CHINA: MANDATORY CAR INSURANCE MARKET FACES FURTHER LOSSES
Source: Fitch Ratings, 21 August 2012
According to Fitch Ratings, insurers operating in China’s compulsory motor insurance market (CMIM) face further underwriting losses in the next one to two years due to rising claims, tightly regulated pricing and the potential for further competition.
This is expected to lead to a modest decline in overall motor insurance underwriting margins in a stable outlook for China’s non-life insurers. However, aggressive competition might lead to a big drop in margins and could result in a negative outlook for the sector.
Fitch Ratings believe that the higher medical expenses and rising repair costs insurers are paying out may lead to a deteriorating claim experience. The loss ratio of the CMIM sector is likely to be consistently above 80% in the short term, after 82.3% in 2010 and 81.9% in 2011.
Ongoing underwriting losses are unlikely to lead to Chinese property and casualty insurers reducing their exposure to the CMIM market. The overall underwriting results of most major insurers’ motor books are still profitable and because every driver must have a CMIM policy, insurers feel they need to be in the CMIM business in order to cross-sell profitable commercial policies. In fact, competition in CMIM is likely to increase in 2012 following the liberalisation of the market for foreign insurers in May.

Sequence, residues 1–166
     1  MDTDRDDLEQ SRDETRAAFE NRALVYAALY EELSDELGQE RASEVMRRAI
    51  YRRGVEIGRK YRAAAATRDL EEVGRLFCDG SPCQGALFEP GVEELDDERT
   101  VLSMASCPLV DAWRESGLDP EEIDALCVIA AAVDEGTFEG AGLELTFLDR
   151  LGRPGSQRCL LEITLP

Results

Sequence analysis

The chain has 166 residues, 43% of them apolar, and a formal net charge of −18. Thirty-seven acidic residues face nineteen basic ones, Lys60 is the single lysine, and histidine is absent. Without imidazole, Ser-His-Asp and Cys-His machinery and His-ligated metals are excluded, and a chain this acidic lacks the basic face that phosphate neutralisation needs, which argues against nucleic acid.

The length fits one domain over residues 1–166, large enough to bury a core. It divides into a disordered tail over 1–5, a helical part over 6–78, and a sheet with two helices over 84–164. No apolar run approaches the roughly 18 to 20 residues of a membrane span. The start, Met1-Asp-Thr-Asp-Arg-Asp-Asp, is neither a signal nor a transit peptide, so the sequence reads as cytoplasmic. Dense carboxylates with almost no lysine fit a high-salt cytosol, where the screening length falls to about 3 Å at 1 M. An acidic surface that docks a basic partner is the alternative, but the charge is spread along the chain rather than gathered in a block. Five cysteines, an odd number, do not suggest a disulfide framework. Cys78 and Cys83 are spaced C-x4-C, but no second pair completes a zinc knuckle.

Regardless of poor underwriting results, Fitch Ratings believe that CMIM will be attractive to foreign insurers because it will allow them to strengthen their market presence in China without working with local insurers, and to build up their distribution outlets. One of the most important benefits for foreign insurers of the opening up of the CMIM market is that foreign companies will be able to attract a new customer base and bundle other insurance products when they provide mandatory car insurance coverage.
The latest figures from the Insurance Association of China show the underwriting deficit for the entire CMIM market, which provides a mandatory minimum level of third-party liability insurance to motorists, rose to CNY11.2bn in 2011 from CNY9.7bn in 2010. After accounting for CNY2bn of investment returns, the industry reported an operating loss of CNY9.2bn in 2011.